Is all the excitement about the recently-released Mac OS X Snow Leopard operating system much ado about nothing? Actually, in a way, it is -- and that's a good thing. Keep reading to find out why Apple's insight that less is more could help them win new converts.
Sometime during the fall of last year Apple realized it had to put a stop to the vicious, never-ending cycle of mindless software consumerism. It goes something like this: you buy software and in many instances, in less than a year itís passť, over, no longer used -- so you feel inclined to upgrade. As encouragement or perhaps as an excuse to make you upgrade, the software manufacturer packs the new version with all kinds of new features, tools, etc. they claim you canít live or work without. So you fall for it and pay for the upgrade Ö until next year.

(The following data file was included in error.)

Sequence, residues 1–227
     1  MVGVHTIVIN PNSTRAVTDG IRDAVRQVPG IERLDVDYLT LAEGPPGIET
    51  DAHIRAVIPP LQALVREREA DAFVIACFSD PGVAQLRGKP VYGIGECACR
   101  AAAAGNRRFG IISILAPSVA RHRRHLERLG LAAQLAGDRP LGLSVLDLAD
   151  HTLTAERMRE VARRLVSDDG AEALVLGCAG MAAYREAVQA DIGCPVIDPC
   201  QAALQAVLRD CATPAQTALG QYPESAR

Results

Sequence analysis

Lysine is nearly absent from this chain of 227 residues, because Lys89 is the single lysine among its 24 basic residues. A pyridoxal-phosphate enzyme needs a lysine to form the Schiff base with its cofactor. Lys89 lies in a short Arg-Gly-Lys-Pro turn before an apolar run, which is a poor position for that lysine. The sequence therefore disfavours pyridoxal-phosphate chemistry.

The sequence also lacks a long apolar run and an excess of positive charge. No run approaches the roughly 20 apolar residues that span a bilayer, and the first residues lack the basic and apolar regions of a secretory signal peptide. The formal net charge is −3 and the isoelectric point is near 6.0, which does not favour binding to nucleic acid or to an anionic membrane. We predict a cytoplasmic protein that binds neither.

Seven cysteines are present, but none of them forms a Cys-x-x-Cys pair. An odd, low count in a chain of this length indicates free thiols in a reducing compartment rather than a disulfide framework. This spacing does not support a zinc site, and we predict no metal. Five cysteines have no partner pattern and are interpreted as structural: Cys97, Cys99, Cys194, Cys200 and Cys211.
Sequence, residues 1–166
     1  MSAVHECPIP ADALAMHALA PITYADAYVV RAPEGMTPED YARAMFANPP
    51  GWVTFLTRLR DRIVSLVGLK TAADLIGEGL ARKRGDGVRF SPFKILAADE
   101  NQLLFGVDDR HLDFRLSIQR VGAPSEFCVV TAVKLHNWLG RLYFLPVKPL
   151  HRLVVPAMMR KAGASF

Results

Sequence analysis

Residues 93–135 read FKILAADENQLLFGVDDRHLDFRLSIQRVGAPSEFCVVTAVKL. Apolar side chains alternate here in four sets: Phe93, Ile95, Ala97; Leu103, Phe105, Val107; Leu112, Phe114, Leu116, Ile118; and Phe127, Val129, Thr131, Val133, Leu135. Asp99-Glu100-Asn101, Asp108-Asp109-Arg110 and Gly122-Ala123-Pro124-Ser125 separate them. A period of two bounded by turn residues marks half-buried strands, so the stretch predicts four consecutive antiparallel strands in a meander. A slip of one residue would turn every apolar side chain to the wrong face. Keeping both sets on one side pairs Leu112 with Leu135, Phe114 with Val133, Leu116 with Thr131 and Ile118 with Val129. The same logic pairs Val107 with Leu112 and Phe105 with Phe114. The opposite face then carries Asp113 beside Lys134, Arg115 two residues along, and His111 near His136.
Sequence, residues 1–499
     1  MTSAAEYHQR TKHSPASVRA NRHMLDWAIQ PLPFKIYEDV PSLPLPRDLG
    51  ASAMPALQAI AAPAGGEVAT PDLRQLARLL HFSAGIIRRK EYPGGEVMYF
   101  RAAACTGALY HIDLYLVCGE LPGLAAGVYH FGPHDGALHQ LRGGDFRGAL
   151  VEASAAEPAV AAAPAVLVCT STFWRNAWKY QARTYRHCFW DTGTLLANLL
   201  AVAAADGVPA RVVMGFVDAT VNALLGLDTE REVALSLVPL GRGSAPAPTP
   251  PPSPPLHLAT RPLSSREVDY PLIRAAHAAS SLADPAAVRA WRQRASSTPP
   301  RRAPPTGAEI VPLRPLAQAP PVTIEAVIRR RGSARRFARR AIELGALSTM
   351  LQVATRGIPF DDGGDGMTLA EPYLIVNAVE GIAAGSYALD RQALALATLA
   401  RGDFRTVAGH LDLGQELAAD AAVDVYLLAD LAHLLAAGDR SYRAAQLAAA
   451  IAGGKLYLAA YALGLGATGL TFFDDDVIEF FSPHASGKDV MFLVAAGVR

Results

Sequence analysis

This happens over and over again until the software you once knew and loved has become a crazy, confusing, incoherent mess so jam-packed with cutting edge nonsense that itís barely operable and can no longer accurately perform any of the tasks you needed it for in the first place. This can happen with operating systems as well, and when it does, itís even more unfortunate (hello, Windows Vista).
All of this is just to say that over the summer, Apple not-so-quietly released their new Mac OS X 10.6 Snow Leopard operating system a month in advance, which doesnít bode well for Microsoft who was scheduled to have their new simplified, dignified Windows 7 operating system coincide with the release of Appleís. Apparently, both companies came to their senses and realized that the pile-on-junk model of business is working now, but itís not really sustainable in the long run.
Both Microsoft 7 and Snow Leopard are being heralded as slimmed down, cleaned-up versions of previous systems. Weíre not here to talk about Microsoft, though. Letís discuss the new look of Snow Leopard and the operating systemís new features- oh wait, there are none Ö
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